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Hoffmann, R. A wiki for the life sciences where authorship matters. Nature Genetics (2008)

Computational elucidation of the transition state shape selectivity phenomenon.

The most commonly cited example of a transition state shape selective reaction, m-xylene disproportionation in zeolites, is examined to determine if the local spatial environment of a reaction can significantly alter selectivity. In the studied reaction, ZPE-corrected rate limiting energy barriers are 136 kJ/ mol for the methoxide-mediated pathway and 109 to 145 kJ/ mol for the diphenylmethane-mediated pathway. Both pathways are likely to contribute to selectivity and disfavor one product isomer (1,3,5-trimethylbenzene), but relative selectivity to the other two isomers varies with pore geometry, mechanistic pathway, and inclusion of entropic effects. Most importantly, study of one pathway in three different common zeolite framework types ( FAU, MFI, and MOR) allows explicit and practically oriented consideration of pore shape. Variation of the environment shape at the critical transition states is thus shown to affect the course of reaction. Barrier height shifts on the order of 10-20 kJ/ mol are achievable. Observed selectivities do not agree with the transition state characteristics calculated here and, hence, are most likely due to product shape selectivity. Further examination of the pathways highlights the importance of mechanistic steps that do not result in isomer-defining bonds and leads to a more robust definition of transition state shape selectivity.[1]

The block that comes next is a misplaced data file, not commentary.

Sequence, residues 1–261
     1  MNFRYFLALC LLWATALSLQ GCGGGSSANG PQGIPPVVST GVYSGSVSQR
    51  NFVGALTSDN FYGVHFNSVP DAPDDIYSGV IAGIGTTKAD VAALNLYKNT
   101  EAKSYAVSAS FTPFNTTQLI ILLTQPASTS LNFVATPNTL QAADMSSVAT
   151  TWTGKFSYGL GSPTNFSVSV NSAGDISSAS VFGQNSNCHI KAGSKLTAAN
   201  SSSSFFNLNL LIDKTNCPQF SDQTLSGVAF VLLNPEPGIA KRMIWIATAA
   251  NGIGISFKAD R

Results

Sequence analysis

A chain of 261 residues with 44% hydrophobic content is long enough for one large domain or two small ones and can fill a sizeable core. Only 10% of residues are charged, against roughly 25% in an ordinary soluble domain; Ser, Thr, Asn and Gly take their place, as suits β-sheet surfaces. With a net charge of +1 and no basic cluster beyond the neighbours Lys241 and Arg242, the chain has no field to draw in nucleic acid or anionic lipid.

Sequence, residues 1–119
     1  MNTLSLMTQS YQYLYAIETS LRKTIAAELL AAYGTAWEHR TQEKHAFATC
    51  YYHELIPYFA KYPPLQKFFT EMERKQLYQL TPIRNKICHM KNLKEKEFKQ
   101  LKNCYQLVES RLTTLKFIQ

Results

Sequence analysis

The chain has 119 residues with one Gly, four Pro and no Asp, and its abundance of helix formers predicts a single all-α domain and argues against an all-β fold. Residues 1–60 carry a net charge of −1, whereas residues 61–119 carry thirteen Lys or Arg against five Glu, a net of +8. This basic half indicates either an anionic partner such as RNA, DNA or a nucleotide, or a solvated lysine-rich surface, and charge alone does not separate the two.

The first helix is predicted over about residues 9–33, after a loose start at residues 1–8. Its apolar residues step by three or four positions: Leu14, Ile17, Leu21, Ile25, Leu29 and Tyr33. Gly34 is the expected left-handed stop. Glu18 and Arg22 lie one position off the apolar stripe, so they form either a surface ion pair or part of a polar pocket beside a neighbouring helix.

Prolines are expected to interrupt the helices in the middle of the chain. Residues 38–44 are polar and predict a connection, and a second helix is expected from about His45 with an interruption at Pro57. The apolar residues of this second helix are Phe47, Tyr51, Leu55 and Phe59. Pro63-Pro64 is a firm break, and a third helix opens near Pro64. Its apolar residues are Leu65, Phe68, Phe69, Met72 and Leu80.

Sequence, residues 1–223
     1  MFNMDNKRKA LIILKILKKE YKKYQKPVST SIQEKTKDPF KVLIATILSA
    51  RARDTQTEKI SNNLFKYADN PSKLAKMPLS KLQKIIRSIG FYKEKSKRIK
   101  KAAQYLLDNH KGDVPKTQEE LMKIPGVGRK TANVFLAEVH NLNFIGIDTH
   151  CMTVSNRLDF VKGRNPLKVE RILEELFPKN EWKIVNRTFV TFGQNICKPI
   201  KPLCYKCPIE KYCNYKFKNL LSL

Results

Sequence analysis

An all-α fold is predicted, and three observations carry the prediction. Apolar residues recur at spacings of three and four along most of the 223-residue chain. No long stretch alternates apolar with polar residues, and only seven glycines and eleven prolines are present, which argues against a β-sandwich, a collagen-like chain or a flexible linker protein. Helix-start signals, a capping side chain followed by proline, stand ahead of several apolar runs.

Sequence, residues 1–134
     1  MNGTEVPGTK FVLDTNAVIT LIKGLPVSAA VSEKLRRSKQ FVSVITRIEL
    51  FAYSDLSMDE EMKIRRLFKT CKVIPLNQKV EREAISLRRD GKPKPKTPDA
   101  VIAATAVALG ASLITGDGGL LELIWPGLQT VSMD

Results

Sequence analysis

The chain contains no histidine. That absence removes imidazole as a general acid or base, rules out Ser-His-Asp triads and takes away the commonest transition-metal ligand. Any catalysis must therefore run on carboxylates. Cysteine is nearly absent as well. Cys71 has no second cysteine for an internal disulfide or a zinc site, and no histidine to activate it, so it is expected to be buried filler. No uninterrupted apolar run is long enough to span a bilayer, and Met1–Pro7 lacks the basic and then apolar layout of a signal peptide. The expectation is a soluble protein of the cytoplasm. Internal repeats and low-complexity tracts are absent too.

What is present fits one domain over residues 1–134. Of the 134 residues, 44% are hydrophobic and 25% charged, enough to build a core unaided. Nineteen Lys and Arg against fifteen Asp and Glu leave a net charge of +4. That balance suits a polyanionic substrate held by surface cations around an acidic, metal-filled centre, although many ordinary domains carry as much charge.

1. Computational elucidation of the transition state shape selectivity phenomenon. Clark, L.A., Sierka, M., Sauer, J. J. Am. Chem. Soc. (2004) [Pubmed]
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